Shubbar, Hashim/ Currently a Masters Student of International Security, Global Risks and the Middle East at Paris Institute of Political Studies, Hashim Shubbar is Defence and Security Analyst focused on Iraq and the wider Arabian Gulf region

In 2017 the office of the National Security Advisor published the Iraqi Cybersecurity Strategy (ICS), marking the first substantial and public effort by the Iraqi state to analyze the deficiencies in national cyber policy; drawing a road map for the construction of a cyber suprastructure for the nation to put Iraq on par with its international counterparts and allies. The first of its kind, the ICS accurately diagnosed the gaps in Iraq’s cyber policies as structural weaknesses related to human neglect, unexamined measures, and deprioritization of the cyber domain. Consequently, the strategy lays out an implementation agenda based on one-, three- and five-year fulfillment objectives ranging from the establishment of a federal cyber agency and the drafting of laws relating to cyberspace to the “creation of a cyber security culture” and university degrees in cyber security.
While the publication of such a document should be applauded as a display of the increasing prioritization of the cyber domain, the ICS of 2017 is nonetheless acutely flawed and has largely failed to induce the application of the framework it proposes. The Cybersecurity Strategy published was largely theoretical, detailing the general threats faced by private and public actors in cyberspace rather than focusing on the nature of the cyber threats Iraq faces in particular. Consequently, the strategy did not attempt to provide what can be considered a concrete analysis or schema for the classification of critical infrastructure which is or could be the subject of frequent targeting. Moreover, the document failed to outline which government entity or institution would be responsible for the implementation of its recommendations, plans, or objectives; providing no detailed strategic programs nor periods of implementation for the policies mentioned. Ergo, none of the objectives, policies or reforms suggested and proposed have seen any real progress in terms of their realization.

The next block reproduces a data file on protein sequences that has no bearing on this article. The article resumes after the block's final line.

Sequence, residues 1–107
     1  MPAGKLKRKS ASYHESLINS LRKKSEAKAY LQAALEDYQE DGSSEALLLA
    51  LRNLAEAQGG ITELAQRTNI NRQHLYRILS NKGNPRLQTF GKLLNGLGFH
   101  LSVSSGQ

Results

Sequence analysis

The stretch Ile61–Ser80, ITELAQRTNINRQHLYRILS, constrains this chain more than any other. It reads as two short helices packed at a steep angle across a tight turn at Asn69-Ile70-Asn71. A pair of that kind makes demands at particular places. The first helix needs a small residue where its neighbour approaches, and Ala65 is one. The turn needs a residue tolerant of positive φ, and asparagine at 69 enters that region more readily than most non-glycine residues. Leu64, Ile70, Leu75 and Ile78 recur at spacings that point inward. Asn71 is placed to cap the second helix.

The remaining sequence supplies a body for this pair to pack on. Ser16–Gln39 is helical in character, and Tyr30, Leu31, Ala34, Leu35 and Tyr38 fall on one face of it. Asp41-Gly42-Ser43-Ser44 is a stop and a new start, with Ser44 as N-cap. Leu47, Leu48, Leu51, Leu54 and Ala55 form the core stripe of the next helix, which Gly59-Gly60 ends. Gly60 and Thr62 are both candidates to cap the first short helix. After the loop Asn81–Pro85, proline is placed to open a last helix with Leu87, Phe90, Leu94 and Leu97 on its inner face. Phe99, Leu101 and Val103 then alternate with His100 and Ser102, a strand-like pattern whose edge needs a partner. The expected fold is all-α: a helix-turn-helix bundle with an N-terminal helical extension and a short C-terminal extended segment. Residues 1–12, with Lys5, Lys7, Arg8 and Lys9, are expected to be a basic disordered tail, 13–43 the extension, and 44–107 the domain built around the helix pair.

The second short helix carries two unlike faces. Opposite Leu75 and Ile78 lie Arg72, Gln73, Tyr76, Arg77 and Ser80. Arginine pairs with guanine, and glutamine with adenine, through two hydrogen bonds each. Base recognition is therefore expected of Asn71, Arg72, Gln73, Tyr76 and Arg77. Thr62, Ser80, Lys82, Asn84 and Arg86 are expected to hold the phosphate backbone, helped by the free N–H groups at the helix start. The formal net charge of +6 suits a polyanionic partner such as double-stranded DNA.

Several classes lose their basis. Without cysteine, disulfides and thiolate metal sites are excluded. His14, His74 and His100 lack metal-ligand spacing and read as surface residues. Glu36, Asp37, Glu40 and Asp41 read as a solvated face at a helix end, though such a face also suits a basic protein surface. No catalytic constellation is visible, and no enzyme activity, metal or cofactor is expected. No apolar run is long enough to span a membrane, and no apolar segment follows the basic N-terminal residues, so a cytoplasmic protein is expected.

Taking into account the general groundwork laid down by the 2017 ICS, its shortcomings as well as the prevailing risks and threats in the cyber domain in Iraq, and the international guiding principles around cybersecurity, the Iraqi National Security Advisory, the Iraqi intelligence services, and the Iraqi government should take into account the following recommendations:
Working with international partners –– both private and public –– to launch Iraq’s own communications satellite to create the necessary bedrock infrastructure for an integrated information security system,
Charting a legislative, legal, and judicial ecosystem around the cyber domain which provides national standards and regulations for cybersecurity in both the private and public sectors, creating an enabling legal environment for enterprise and pricing an ecology for the persecution of cybercrime while ensuring civil liberties,
Establishing a dedicated national cyber agency under which cyber policy is implemented, responsible for cyber education and awareness, information security, and the defense of the Iraqi national cyberspace,
Entering into multinational treaties and agreements relating to cybersecurity as crucial mechanisms for codifying norms and behaviors while entering into bilateral treaties and agreements which stipulate both information sharing and capacity development,
Incentivising third country private sector expertise to install in Iraq to fill the current gap in technical expertise and professionals, providing a base upon which Iraqi human capital can be nurtured, developed, and encouraged in the long term.
These recommendations were formulated through analysis and study of the current architecture of Iraqi cyber policy and the state of its communications infrastructure as explored thereafter in this brief, as well as the consultations of the conduct of more cyber advanced nations and the guidance provided by transnational communications and cyber bodies.

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